Makes me wonder just how safe Lou's job may (or may not) be right now.......

(Does anyone have Eric Wedge's number? Or does Ryno take over mid season? They don't go with Trammel, do they??)

Rob, I don't know if you have the game on, but Jon Miller is making wanna go all MB on his ass...

what a game...

what near-Cubbery....

That was a excellent game.

As we get closer to deadline could the cubs ask Lilly about
extension before they try to trade him.

Lilly scares me a lot. I don't really understand how he's pitched well the last year or so. Seems to have lost a lot of velocity, and the changeup and curve don't impress me as much either. They'd be better off just seeing what they can get, I think, and being happy that they managed to have him under contract for the best years of his career.

Hendry should be on the phone tomorrow trying to trade Lilly. Especially since Jimbo doesn't seem to understand the arbitration/draft pick thing very well. He could try 1-800-RANGERS. I live in Austin, TX and also follow the Rangers in passing. They really need some pitching, surprise, Harden is on the DL and isn't really fitting into the Nolan Ryan mantra of pitching deep into games.

Recent comments

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  • The Cubs had some good runs and nice winning streaks that propelled them to the playoffs. Austin Jackson wasn't part of that. I don't quite understand what it is about Jackson that they are so enamored with.

  • I think the strike zone was very inconsistent, but it's hard to blame the loss on the ump. They had chances and mistake pitches and just couldn't cash in. Lackey ran the ball inside and outside very effectively.

  • Correct. Castro 5th, AJax 6th; I'll edit my lineup post to fix this.

  • Lineup: Fowler, Soler, KB, Rizzo, Castro, AJax, Montero, Hendricks, Russell

  • if he put ajax 1st/2nd in the f'n playoffs he deserves to lose his nearly sure-thing MOY award to terry collins.

  • I believe Castro batting fifth, Ajax (LF) sixth

  • Maddon did not listen to me yesterday re Strop, or EricS on Schwarbs today.

    Wtf is up w/that?!

  • Crunch got his wish - Ajax not hitting 1-2 in the lineup ...

  • I know he's struggles against lefties but Schwarber seems zoned in - hope he starts tonight.

  • Awesome stuff, Phil.

  • listening on ESPN 1000, caller says Bill Welke will be the home plate ump today. Supposedly his reputation is for having an even bigger strike zone than last night's Phil Cuzzi. Some of the issues with bad umpiring come from an inconsistent strike zone. Hoping at least for consistency. Last night's called strike on David Ross was outright embarrassing for Cuzzi.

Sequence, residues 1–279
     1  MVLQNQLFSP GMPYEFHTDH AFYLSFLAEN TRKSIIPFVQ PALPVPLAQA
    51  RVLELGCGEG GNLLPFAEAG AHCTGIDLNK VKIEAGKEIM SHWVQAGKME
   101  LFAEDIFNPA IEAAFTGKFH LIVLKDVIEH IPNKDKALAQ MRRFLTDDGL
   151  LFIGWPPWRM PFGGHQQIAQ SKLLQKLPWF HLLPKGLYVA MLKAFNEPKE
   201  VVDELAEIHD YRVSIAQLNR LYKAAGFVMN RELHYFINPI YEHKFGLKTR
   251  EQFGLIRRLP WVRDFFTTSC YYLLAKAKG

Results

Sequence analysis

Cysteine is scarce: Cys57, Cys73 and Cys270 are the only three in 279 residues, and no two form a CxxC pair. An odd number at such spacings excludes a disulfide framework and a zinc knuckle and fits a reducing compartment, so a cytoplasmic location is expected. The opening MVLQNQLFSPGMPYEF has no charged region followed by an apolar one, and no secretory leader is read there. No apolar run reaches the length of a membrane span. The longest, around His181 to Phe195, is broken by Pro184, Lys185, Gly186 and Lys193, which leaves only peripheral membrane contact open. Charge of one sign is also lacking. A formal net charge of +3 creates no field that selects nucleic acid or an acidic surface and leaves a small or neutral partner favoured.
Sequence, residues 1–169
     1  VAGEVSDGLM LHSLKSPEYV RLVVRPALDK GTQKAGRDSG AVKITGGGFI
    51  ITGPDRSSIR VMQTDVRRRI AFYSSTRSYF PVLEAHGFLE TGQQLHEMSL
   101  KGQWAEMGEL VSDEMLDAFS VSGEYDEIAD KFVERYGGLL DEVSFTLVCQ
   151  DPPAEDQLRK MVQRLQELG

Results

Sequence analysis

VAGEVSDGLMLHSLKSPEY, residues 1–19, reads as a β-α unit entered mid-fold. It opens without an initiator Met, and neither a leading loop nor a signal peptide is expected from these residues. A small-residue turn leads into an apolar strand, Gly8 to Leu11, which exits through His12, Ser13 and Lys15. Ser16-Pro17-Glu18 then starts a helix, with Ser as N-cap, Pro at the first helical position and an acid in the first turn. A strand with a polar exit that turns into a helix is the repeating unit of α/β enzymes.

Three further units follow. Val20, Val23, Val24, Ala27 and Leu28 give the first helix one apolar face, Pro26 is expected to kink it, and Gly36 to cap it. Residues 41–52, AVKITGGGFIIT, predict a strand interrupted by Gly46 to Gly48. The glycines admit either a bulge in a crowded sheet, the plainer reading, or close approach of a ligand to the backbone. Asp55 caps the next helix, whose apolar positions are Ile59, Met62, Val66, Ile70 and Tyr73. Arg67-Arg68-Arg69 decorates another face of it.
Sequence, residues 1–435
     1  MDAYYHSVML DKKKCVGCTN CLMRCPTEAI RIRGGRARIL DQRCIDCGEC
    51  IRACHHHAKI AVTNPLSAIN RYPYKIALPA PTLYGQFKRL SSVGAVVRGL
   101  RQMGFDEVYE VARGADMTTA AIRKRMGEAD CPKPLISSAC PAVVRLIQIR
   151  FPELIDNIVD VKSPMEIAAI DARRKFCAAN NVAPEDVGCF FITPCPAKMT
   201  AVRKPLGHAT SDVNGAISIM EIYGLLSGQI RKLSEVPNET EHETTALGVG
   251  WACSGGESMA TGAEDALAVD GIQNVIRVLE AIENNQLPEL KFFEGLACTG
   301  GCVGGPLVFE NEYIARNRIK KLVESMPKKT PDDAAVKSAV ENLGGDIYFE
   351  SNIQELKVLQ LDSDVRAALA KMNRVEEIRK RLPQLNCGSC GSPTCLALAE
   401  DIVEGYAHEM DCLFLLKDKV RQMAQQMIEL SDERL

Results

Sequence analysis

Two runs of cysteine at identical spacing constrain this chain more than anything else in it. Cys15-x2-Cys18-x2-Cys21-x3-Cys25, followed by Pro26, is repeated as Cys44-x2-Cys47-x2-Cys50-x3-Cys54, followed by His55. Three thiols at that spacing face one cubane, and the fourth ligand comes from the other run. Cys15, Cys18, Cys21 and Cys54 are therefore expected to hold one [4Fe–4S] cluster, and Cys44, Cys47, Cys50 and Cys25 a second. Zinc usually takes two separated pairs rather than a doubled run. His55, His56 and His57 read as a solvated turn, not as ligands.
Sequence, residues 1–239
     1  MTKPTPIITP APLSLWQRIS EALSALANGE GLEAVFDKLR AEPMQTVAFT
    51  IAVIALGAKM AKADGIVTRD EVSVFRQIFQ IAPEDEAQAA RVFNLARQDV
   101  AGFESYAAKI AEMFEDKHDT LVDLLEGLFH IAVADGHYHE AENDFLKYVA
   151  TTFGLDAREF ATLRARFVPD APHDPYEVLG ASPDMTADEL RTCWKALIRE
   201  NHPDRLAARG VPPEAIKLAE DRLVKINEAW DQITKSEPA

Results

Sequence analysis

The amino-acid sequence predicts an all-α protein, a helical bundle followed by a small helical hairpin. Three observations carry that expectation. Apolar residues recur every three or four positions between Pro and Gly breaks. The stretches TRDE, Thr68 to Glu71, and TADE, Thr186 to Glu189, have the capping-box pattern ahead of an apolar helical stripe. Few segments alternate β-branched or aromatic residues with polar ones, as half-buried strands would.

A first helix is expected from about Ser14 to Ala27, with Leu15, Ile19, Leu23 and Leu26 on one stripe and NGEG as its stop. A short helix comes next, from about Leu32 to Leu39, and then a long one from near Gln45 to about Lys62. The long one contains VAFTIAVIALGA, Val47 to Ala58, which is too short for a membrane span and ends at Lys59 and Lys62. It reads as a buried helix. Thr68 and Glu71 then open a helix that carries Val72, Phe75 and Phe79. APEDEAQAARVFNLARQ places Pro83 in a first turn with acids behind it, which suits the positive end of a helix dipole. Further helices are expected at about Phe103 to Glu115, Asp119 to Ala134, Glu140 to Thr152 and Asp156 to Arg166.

That might work out in favor of Kyle Hendricks, who benefits much from a large strike zone.

  • it's kind of mesmerizing to watch
    should Theo add some Ted Abernathy videos for minor league pitching coordinator's use?

    sadly, Ted passed away in 2004 from complications of Alzheimers. I always loved the Cub bullpen trio of Phil Regan, Ted Abernathy and Hank Aguirre. As a kid, I even worked on both Phil Regan (very quirky delivery) and Ted Abernathy (extreme submarine) imitations when throwing a rubber ball against a wall. It wasn't a good imitation unless I could scrape my knuckles off the ground. I'll always have a soft spot in my heart for submariners.

  • HAGSAG: Chris Pieters was sent to instructs to develop his hitting, bunting, and outfield play (he is already a decent first-baseman).  

    Pieters is tall and rangy , a "long-strider" in the same mold as Trey Martin and Rashad Crawford. He is a very patient hitter (unusual for a hitter with his lack of experience) and has an outstanding (almost uncanny) eye at the plate, and he is a fast runner with unusually good baserunning instincts, and he is a good basestealer, too.

  • I doubt we will see Pedro in any more "high leverage" situations this series. With Hendricks and the pen today, we need Bryant-Rizzo-Castro to get going ASAP.

  • One funny thing to see before the game was the two submariner pitchers (David Berg and Corbin Hoffner) playing catch with each other. Both pitchers throw "submarine" even when they play catch, and it's kind of mesmerizing to watch, even for the other players. 

  • CUBSTER: One of the points of emphasis  at "basic" Instructs this year was teaching the position players the art of baserunning and base-stealing, like getting a good primary and seconday lead, reading the pitcher, cutting bases sharply, and different ways to slide to maximize the baserunner's chance to arrive safely.